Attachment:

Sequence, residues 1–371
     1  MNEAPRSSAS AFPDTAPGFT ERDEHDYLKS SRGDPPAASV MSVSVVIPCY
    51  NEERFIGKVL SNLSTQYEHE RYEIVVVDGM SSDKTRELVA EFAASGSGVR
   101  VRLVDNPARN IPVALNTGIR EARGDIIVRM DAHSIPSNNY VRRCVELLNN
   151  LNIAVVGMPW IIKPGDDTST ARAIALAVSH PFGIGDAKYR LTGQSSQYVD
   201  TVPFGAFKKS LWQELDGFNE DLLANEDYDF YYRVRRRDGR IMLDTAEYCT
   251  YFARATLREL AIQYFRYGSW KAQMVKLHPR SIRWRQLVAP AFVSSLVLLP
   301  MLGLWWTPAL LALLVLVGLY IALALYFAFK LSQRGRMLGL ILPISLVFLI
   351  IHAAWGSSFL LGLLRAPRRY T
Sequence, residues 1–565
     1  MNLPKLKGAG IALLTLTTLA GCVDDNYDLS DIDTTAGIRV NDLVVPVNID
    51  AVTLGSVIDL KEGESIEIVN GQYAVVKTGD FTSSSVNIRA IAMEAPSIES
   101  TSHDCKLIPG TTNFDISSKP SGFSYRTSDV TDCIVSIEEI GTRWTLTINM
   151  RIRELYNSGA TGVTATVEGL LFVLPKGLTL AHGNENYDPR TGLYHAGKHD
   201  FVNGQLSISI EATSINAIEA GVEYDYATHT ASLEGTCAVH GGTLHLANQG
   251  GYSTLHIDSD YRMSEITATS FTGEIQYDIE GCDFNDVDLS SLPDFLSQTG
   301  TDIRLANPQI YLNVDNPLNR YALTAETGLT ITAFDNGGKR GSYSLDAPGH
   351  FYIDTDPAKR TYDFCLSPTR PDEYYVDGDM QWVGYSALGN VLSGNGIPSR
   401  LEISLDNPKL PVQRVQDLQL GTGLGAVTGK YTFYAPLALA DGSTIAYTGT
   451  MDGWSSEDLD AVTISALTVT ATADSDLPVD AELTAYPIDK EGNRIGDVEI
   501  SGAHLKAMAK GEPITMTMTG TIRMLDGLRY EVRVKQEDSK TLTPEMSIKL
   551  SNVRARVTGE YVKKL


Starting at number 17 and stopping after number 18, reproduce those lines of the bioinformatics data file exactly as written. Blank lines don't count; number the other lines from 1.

   301  TDIRLANPQI YLNVDNPLNR YALTAETGLT ITAFDNGGKR GSYSLDAPGH
   351  FYIDTDPAKR TYDFCLSPTR PDEYYVDGDM QWVGYSALGN VLSGNGIPSR